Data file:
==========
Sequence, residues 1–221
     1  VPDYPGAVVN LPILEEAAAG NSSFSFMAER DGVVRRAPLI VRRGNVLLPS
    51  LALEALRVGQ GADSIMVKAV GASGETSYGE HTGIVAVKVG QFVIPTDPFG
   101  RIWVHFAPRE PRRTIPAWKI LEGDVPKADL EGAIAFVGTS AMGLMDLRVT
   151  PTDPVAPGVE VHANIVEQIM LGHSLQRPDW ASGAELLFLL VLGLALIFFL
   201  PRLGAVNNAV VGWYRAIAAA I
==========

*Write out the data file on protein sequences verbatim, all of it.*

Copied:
Sequence, residues 1–221
     1  VPDYPGAVVN LPILEEAAAG NSSFSFMAER DGVVRRAPLI VRRGNVLLPS
    51  LALEALRVGQ GADSIMVKAV GASGETSYGE HTGIVAVKVG QFVIPTDPFG
   101  RIWVHFAPRE PRRTIPAWKI LEGDVPKADL EGAIAFVGTS AMGLMDLRVT
   151  PTDPVAPGVE VHANIVEQIM LGHSLQRPDW ASGAELLFLL VLGLALIFFL
   201  PRLGAVNNAV VGWYRAIAAA I